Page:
Genuary links:
JD: Yes, I discovered a lot of new artists from the #genuary hashtag! Alright, heading towards your Art Blocks project, how did you first discover NFTs?
PP: I remember the first time I heard about NFTs were the Rare Pepe's, many years ago. I mainly remember being puzzled about how Bitcoin could allow someone to "own" a JPEG, and mistakenly thought there was something special about the JPEG itself. I became aware of them again as I started seeing Fabin Rasheed experiment with them, but I still didn't get it. It wasn't until Dmitri released Ringers on Art Blocks that I really saw the possibilities here. This was it, the thing I've been unknowingly practicing for all my life.
Piter Pasma, Skulptuur, 2021..jpeg
Piter Pasma, Skulptuur, 2021.
JD: Nice, so you come to Art Blocks and start getting your project ready. Tell me about the inspiration behind Skulptuur.
PP: About four years ago I read Inigo Quilez' article about Monte Carlo path tracing. It fascinated me tremendously and I built a CPU-based implementation in Processing. It was very slow. But the outputs were already surpassing my expectations. I was able to practice with the construction of SDFs when working on my rayhatcher that I mentioned earlier. But I was running into limitations with its lighting model, everything running on CPU in Javascript. I knew I was able to get much more photo realistic results using path tracing. So I finally took the plunge and wrote the WebGL2 skeleton code that I needed for MC path tracing, and quickly had a working prototype. I've become fascinated with the concept of uneven subdivisions and their relation to polyrhythms. Inspired by this, I created Algorithmic Sculpture 1. It is the intersection of a stack of three double-shelled spheres, and two rounded cubes. This is analogous to a polyrhythm of 2:3, the hemiola.
Since I was also on the list for Art Blocks, I started experimenting with generating other combinations of polyrhythms, in grids, using various types of shapes. The results immediately were very promising, and by that time you contacted me, and I had to decide what my project was going to be. I had one other idea, which you may or may not see in a later drop (it's very different), but during a chat with Aaron Penne, we came to the conclusion that whatever I was doing with the MC path tracer was going to be groundbreaking and never seen before on Art Blocks. I really have to give a shoutout to Inigo Quilez for the amazing articles that he writes, such an incredible resource to get onto the path of using SDFs and all the tricks available— learning to craft my own, which are really the secret sauce here.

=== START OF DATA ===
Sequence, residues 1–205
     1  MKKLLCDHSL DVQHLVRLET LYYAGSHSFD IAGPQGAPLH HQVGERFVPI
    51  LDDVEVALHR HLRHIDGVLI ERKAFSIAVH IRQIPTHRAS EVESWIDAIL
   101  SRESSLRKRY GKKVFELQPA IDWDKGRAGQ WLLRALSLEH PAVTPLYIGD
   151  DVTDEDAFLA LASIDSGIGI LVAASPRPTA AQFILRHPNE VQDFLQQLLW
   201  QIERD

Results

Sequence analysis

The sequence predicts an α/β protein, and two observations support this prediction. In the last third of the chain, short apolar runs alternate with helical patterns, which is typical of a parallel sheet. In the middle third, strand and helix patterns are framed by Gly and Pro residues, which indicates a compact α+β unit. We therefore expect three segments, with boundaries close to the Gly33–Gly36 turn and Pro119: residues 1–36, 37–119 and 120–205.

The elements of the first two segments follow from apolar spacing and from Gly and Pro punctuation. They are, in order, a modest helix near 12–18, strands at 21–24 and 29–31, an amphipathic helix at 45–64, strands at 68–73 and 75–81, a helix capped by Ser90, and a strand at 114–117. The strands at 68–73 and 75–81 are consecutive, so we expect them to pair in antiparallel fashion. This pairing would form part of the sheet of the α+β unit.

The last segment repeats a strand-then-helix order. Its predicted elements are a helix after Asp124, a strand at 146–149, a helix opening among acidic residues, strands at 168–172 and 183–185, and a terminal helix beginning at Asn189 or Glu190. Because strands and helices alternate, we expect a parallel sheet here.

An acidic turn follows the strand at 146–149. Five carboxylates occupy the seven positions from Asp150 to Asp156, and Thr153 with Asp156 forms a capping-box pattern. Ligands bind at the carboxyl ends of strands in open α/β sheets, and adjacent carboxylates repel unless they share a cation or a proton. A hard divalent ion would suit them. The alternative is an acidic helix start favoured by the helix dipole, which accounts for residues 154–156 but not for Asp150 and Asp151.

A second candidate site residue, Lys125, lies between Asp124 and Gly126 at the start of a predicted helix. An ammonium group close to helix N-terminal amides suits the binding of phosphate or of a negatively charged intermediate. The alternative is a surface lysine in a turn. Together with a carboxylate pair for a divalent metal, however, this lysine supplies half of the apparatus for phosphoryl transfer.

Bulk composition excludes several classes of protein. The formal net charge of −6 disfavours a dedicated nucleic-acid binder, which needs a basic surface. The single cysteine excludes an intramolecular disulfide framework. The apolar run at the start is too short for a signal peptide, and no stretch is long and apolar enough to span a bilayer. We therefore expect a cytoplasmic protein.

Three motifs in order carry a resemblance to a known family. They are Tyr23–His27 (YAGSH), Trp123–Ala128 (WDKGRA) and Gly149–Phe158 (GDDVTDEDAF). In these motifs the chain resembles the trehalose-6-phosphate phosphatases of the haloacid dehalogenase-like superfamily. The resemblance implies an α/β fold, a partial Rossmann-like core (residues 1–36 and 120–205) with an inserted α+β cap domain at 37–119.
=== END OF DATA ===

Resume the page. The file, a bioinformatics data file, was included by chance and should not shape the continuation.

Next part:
JD: Awesome, yes we’ve been floored by your outputs since first seeing them. What sorts of features should collectors look for in your project?
PP: Be on the lookout for the more unique types of shapes that some of the combinations can yield. During development I've seen some really unique and unexpected forms. Another thing to look out for is emergent effects from the lighting. There are some gorgeous different types of backlighting to be discovered. Sometimes reflective surfaces create caustics on the diffuse ones. Sometimes the sun will frame a form just right.
JD: And is there anything else people should know about your project?
PP: Take a look at the source code! You don't need to understand it, but just see for yourself how tiny 6370 bytes of text look. That is generating all these shapes. And the photorealistic renderer as well. All these uniquely beautiful images. There's also a greeting list in there for my friends. It is a string at the end, between parentheses, because it is the parameter to the function call that starts the entire program. This is a way of showing that I couldn't have done this without them.
Piter Pasma, Algorithmic Sculpture 1, X..jpeg
Piter Pasma, Algorithmic Sculpture 1, X.
JD: That’s so great, some shoutouts built into the code that will live on-chain forever. OK, final bit: what is the best way for people to follow your work?
PP: I am currently most active on Twitter, but you can also follow me on Instagram. In both cases my username is @piterpasma. I also have a website.